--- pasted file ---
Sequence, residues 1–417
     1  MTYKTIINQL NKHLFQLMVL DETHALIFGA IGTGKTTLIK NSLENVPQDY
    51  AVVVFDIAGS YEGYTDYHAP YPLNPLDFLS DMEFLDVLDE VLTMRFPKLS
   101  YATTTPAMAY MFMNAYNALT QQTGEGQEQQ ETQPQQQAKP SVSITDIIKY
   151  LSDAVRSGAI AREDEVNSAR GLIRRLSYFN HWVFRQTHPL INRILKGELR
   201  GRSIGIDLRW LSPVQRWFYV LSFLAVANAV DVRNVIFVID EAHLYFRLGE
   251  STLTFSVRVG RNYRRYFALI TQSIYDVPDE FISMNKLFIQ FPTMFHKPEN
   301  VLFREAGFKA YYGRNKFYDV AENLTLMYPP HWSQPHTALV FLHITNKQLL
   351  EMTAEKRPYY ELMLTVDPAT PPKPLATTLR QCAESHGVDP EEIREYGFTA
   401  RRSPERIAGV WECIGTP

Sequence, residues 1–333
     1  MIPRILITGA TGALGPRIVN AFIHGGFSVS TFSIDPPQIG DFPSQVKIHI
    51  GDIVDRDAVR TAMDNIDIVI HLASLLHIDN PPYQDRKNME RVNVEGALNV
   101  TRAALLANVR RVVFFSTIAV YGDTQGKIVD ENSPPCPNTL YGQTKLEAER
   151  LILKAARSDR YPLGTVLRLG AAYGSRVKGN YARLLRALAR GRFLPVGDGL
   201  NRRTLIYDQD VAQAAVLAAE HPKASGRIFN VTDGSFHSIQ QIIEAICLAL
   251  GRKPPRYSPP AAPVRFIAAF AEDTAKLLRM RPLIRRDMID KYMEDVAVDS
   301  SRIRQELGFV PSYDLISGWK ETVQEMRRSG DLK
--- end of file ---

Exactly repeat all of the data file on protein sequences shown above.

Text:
Sequence, residues 1–417
     1  MTYKTIINQL NKHLFQLMVL DETHALIFGA IGTGKTTLIK NSLENVPQDY
    51  AVVVFDIAGS YEGYTDYHAP YPLNPLDFLS DMEFLDVLDE VLTMRFPKLS
   101  YATTTPAMAY MFMNAYNALT QQTGEGQEQQ ETQPQQQAKP SVSITDIIKY
   151  LSDAVRSGAI AREDEVNSAR GLIRRLSYFN HWVFRQTHPL INRILKGELR
   201  GRSIGIDLRW LSPVQRWFYV LSFLAVANAV DVRNVIFVID EAHLYFRLGE
   251  STLTFSVRVG RNYRRYFALI TQSIYDVPDE FISMNKLFIQ FPTMFHKPEN
   301  VLFREAGFKA YYGRNKFYDV AENLTLMYPP HWSQPHTALV FLHITNKQLL
   351  EMTAEKRPYY ELMLTVDPAT PPKPLATTLR QCAESHGVDP EEIREYGFTA
   401  RRSPERIAGV WECIGTP

Sequence, residues 1–333
     1  MIPRILITGA TGALGPRIVN AFIHGGFSVS TFSIDPPQIG DFPSQVKIHI
    51  GDIVDRDAVR TAMDNIDIVI HLASLLHIDN PPYQDRKNME RVNVEGALNV
   101  TRAALLANVR RVVFFSTIAV YGDTQGKIVD ENSPPCPNTL YGQTKLEAER
   151  LILKAARSDR YPLGTVLRLG AAYGSRVKGN YARLLRALAR GRFLPVGDGL
   201  NRRTLIYDQD VAQAAVLAAE HPKASGRIFN VTDGSFHSIQ QIIEAICLAL
   251  GRKPPRYSPP AAPVRFIAAF AEDTAKLLRM RPLIRRDMID KYMEDVAVDS
   301  SRIRQELGFV PSYDLISGWK ETVQEMRRSG DLK